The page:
Who: Riccardo Pagani (Art Director of Leo Burnett from 2007 to 2014) v. Leo Burnett Company Ltd
Where: Court of Turin (“Court”)
When: March 2015
Law stated as at: 4 June 2015
Mr. Riccardo Pagani, former Art Director in the Italian office of ad agency Leo Burnett, applied to the Specialized Division of the Court of Turin in order to obtain an order recognising his right to be considered and indicated as co-author of the script of the “Cult Yacht” advertisement for the Fiat 500 designed by him while he was an employee.
The Court of Turin, by its Order dated 31 March 2015, acknowledged Mr Pagani as the co-author of the idea underlying the commercial and ordered Leo Burnett to alter the authorship credits on the ad accordingly. This was because Mr Pagani submitted persuasive evidence of his having originally conceived the key elements of the spot. This was in the form of his original clipboard, which detailed the claim in the final version of the ad as published, (“one day you will realize that the size of your car does not matter at all, what really matters is the size of your yacht“), the setting (“a beautiful coastline surrounded by a beautiful Mediterranean landscape”), the tone of voice (“wise and calm“), the jokes of the protagonist (“intended to stigmatize the race to status symbols“) and the final scene (“the car enters a port and its driver turns out to be the owner of a huge yacht “).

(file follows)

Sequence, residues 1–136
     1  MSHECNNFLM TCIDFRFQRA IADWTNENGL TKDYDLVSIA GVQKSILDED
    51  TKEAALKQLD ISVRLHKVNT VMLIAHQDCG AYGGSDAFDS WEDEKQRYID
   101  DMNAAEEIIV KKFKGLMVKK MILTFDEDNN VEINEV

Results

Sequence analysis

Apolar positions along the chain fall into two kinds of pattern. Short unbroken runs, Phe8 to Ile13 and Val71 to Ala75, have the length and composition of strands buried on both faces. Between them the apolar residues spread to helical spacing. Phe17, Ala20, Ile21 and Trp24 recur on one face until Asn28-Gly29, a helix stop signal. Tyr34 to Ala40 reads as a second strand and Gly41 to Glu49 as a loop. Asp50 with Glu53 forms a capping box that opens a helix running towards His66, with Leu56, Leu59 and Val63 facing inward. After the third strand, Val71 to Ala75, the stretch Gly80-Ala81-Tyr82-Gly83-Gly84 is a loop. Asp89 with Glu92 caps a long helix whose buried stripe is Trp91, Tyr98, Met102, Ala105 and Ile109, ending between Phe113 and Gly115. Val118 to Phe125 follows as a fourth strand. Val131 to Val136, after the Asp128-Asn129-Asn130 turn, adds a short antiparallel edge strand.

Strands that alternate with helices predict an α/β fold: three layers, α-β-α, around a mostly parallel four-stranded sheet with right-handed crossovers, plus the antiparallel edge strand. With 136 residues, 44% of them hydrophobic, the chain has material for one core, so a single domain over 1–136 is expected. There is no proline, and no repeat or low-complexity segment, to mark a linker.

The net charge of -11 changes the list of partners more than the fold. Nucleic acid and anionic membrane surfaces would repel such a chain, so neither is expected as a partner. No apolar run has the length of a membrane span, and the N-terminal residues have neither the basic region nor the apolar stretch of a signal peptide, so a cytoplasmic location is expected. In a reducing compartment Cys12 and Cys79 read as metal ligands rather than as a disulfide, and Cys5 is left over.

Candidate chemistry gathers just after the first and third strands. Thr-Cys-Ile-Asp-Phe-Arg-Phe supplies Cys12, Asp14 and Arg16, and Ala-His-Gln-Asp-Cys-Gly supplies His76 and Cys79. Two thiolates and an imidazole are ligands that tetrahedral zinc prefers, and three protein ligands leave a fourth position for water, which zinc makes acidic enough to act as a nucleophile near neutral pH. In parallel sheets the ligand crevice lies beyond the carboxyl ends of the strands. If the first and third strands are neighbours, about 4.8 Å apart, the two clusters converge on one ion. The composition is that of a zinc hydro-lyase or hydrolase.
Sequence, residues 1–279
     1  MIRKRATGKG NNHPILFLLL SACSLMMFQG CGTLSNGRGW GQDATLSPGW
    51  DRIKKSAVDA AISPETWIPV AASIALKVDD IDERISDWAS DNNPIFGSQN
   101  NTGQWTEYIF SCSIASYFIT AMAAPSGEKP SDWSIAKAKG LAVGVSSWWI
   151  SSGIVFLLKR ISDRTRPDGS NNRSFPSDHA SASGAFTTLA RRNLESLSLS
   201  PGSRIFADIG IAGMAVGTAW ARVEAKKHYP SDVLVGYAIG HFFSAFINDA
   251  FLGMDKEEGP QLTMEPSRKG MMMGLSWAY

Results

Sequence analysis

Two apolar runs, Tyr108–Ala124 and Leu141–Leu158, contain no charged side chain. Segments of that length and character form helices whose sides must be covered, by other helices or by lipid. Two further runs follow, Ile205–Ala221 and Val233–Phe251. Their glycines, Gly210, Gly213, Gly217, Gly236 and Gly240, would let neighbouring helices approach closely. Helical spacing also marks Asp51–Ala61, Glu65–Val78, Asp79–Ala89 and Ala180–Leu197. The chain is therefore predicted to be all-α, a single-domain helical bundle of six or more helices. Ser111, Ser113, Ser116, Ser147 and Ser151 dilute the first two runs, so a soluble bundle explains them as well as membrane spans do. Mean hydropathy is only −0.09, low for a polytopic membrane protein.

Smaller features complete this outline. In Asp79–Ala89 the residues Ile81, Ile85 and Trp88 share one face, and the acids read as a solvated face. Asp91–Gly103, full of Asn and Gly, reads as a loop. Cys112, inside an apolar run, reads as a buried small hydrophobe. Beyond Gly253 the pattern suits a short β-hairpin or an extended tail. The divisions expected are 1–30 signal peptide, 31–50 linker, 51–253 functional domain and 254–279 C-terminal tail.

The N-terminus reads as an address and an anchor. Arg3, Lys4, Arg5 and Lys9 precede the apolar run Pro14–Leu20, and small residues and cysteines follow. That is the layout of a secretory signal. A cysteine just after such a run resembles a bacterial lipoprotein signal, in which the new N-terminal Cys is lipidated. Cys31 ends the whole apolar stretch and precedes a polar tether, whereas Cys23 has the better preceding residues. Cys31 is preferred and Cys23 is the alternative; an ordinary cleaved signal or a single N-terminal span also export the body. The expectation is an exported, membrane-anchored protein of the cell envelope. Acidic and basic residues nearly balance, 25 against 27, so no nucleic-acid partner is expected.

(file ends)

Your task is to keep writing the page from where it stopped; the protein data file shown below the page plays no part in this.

Why this matters:
The Turin Court held that, even if the script of the commercial was not protectable under the law on copyright, the script itself represented the means by which Mr. Pagani had contributed to the creation of the commercial as broadcast, thus acquiring the right to be indicated as its co-author in the credits.
Although it is commonly accepted that simple ideas that do not result in a creative work are not protectable under Italian copyright law, in this case the Court recognised that the contribution of Mr Pagani had assumed such a creative nature as to allow him to acquire the right to be qualified as moral author of the final (and protected) work, given the essential role that the “idea” has in the creative process of a commercial.
In the UK, moral rights can only be exercised in respect of material protected by copyright and employees are not entitled to exercise moral rights in respect of any literary, dramatic, musical or artistic work they produce in the course of their employment. If this scenario were transposed to the UK, therefore, it is unlikely the claim would have succeeded. However, this case underlines that Italian IP law takes a different approach by recognizing moral rights even to employees. As a matter of fact, according to the Italian Law moral rights cannot be waived.